Baltimore takes its TV image seriously — very seriously and at the highest levels.
Mayor Stephanie Rawlings-Blake championed last month's Baltimore Grand Prix, in part because she said positive TV coverage of the race would "change the way the world sees Baltimore."
As her spokesman, Ryan O'Doherty, explained: "Many television viewers have a negative view of Baltimore based on TV crime dramas, and the Grand Prix provided a great opportunity for Baltimore to shine on national television and internationally to over 100 countries for several hours."
But if you're really serious about Baltimore's TV image, the Grand Prix is small change compared to "NBC Sunday Night Football," which arrives in Baltimore to cover the showdown between the Baltimore Ravens and New York Jets. With a weekly audience of more than 20 million viewers a week, it's the biggest stage on television. (That is about 35 times as many viewers as the 591,000 who saw the downtown road race on TV.
Last year, NBC's Sunday night football became the highest-rated prime-time show on television — the first time that distinction has not been held by a sitcom, drama or reality series. And it is headed for that perch again with more than 20 million viewers a week so far this fall — including more young viewers than any other program airing on Sundays.
While the game's always the thing, 31/2 hours of prime time coverage offers the possibility for a lot of glittery and inviting images of the city as the telecast opens, closes and goes to and returns from a sea of seemingly endless commercial breaks. And the use of such images is one of the things NBC Sports pays much attention to in trying to make "Sunday Night Football" into a pop culture event rather than just another game, according to Fred Gaudelli, the show's producer.
"I just think that when you're doing these prime-time games, you can give people a sense of the city and what the mood is in the city," Gaudelli said in an interview last week. "You can give them a little bit of a taste of, 'Hey, what it would be like if I were here tonight or if I wanted to come visit.' That's always a part of what we try to do on 'Sunday Night Football.'"
Since Gaudelli is ultimately the guy who determines the selection of the images, his sense of Baltimore matters most. The interview for this column took place on Wednesday, just as he was about to go into a meeting discussing "what images we want to capture" for the telecast.
"I think Baltimore comes across as just a real friendly kind of place," the 10-time Emmy Award winner says. "That's what sticks out to me. I mean, obviously, you've got a very contemporary downtown in one sense, because of the way the harbor has been developed. But I don't think you lost any of that good old-fashioned charm that you were known, in my opinion, for all these years.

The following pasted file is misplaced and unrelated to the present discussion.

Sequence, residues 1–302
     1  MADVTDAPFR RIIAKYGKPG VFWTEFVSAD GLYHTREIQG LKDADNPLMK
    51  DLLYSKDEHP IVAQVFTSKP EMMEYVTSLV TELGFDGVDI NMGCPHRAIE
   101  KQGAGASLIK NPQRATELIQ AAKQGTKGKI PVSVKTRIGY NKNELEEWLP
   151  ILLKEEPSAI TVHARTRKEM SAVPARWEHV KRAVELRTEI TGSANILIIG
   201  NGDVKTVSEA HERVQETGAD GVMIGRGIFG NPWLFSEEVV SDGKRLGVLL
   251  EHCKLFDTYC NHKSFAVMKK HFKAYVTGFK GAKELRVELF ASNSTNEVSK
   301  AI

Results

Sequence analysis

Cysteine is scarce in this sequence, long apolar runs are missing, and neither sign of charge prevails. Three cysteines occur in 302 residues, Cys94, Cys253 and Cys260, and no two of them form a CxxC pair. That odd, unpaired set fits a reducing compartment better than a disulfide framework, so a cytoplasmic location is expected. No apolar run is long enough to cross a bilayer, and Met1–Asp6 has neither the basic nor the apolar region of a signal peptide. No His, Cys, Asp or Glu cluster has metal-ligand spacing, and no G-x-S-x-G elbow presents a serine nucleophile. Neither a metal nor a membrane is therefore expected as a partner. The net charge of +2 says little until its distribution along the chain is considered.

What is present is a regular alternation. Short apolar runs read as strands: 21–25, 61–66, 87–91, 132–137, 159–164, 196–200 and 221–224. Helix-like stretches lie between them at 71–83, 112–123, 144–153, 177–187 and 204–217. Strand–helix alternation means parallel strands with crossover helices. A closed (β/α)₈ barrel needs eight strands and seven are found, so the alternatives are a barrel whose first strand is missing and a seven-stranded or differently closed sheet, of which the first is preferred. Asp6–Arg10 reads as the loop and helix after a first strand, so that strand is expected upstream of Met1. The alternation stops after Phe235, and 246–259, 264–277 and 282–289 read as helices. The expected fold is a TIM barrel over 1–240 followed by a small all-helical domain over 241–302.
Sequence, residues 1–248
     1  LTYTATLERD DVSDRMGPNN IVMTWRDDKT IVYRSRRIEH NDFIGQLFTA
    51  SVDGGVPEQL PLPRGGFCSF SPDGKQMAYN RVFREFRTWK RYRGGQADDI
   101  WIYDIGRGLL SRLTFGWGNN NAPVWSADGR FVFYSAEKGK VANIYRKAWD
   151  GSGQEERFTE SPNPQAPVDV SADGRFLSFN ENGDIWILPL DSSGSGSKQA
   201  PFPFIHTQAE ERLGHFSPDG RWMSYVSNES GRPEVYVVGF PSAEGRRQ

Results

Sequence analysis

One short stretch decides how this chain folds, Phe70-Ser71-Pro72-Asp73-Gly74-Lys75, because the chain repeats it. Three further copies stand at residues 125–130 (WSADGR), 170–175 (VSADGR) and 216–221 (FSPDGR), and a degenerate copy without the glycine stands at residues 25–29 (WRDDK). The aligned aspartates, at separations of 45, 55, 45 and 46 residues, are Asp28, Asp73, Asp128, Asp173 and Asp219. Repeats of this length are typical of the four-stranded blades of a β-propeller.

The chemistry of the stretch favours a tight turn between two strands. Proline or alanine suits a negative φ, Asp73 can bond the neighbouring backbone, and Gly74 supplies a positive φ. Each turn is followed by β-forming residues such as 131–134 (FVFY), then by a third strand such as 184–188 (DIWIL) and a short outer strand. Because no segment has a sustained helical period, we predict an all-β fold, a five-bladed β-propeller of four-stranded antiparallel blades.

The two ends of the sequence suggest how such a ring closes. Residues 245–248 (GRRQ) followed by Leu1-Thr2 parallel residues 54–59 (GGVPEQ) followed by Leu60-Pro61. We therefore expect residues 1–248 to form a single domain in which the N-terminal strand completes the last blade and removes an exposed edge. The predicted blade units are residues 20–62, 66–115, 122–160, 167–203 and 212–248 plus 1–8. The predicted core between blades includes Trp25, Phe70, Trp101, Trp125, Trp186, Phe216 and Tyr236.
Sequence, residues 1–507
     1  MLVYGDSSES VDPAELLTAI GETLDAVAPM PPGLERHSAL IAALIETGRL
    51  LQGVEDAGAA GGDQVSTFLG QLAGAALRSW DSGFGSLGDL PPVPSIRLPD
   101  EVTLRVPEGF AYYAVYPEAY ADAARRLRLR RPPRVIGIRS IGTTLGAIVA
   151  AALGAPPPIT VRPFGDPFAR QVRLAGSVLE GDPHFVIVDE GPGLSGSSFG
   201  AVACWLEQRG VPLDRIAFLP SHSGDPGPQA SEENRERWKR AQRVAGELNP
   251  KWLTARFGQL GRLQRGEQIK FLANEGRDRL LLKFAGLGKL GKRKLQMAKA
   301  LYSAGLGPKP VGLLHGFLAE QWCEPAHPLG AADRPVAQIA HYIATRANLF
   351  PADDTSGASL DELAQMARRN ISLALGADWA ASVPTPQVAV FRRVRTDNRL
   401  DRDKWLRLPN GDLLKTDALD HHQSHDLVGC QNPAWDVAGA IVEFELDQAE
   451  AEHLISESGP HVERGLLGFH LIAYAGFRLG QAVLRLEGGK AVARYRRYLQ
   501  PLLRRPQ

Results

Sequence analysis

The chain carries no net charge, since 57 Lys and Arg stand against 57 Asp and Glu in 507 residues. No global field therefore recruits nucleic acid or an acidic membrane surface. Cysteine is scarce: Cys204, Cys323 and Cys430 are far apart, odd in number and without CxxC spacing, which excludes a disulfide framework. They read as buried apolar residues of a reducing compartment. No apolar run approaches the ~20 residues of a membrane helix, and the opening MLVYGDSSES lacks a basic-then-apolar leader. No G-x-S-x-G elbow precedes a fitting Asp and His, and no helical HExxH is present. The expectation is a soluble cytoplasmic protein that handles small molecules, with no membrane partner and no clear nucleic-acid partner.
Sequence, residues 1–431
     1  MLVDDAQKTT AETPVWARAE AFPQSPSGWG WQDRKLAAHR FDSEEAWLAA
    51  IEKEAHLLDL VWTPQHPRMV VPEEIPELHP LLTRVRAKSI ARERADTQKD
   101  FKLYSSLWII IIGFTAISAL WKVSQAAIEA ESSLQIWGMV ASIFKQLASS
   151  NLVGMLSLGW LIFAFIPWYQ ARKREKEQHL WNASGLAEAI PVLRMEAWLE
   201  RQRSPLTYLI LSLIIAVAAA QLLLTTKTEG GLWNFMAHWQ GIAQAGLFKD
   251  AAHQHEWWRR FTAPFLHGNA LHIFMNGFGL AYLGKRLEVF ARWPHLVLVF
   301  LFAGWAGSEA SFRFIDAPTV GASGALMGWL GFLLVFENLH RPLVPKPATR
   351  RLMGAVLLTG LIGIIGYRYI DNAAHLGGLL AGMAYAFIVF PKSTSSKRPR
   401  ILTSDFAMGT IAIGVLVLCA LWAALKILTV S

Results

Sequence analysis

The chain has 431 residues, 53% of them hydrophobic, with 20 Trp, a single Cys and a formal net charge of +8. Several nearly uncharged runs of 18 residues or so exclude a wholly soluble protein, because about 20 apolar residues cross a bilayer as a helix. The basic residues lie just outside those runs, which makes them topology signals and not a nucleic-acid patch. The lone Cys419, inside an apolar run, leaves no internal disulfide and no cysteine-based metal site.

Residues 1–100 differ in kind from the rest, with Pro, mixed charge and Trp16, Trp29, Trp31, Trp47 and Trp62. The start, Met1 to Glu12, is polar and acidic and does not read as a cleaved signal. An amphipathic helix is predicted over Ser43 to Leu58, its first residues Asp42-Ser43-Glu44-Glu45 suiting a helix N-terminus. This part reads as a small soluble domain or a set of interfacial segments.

"So, I look at Baltimore as the kind of place that it would be fun to take your family," the father of one concludes. "Aside from all the great sporting venues, it just seems like there's a lot to do. And it seems like a very welcoming place."
Gaudelli, who has produced four Super Bowls, says camera crews are often sent out to film a city during the week before the Sunday game, and that was the case this week with Baltimore. Friday afternoon, NBC Sports was in North Baltimore filming a high school football game between St. Mary's and Boys' Latin School. Friday night, a crew was scheduled to go up in an airplane for aerial shots of downtown buildings lit in pink for Breast Cancer Awareness Month.
"I think viewers will see some beautiful images of Baltimore Sunday," Gaudelli says. "Your harbor is one of the most scenic, and I think it has become one of the most recognizable shots in all of America in terms of portraying a city. So, you'll see a lot of the harbor — from the air, from the shore and on water itself."
There will also be images of the Sports Legends Museum at Camden Yards and various food venues inside the stadium and out.
"The people who run the [museum] are always proactive in giving me a call and telling what new exhibits they have, so I'm sure we'll doing some of that," Gaudelli says.
"Obviously, food is a always a staple of every city we go to, so we will accommodate that as well," he added, explaining that details of the food coverage had not yet been set.
On TV, the overhead nighttime shots are among the most attractive Baltimore has to offer, and nothing is left to chance in getting them right.
"We have a plane with a camera," Gaudelli says. "In a place like Baltimore, where the city is in close proximity to the stadium, we're usually able to shoot the city while we're shooting the game from the plane. But sometimes, we'll send him up on Friday night to shoot other parts of the city, and that's what we'll do this time with Baltimore. … We want to make sure we have the most advantageous angles and things of that nature."
One of the buildings that will be lit up in pink is City Hall, according to the Tyanna Barre O'Brien Breast Cancer Foundation. It's teaming with Merritt Properties and the Ravens to light the buildings. The foundation will also have 15 breast cancer survivors participating in pre-game activities, and 40,000 pink ribbons will be distributed at the game.
Gaudelli chuckles when told that Baltimore is very insecure about its national image and that some folks here believe out-of-town producers from New York, Hollywood and Washington just don't get us — or are looking down theirnoses at us from behind the lens.
Here's something that might help in that regard, the native New Yorker says: "We take each city's image very seriously, and actually my producer who's in charge of shooting all the images of the cities we go to is from Maryland. His name is Charles Dammeyer — he's from Annapolis. So, we take this one Sunday in Baltimore even more seriously."
Just like the folks at the highest levels here.
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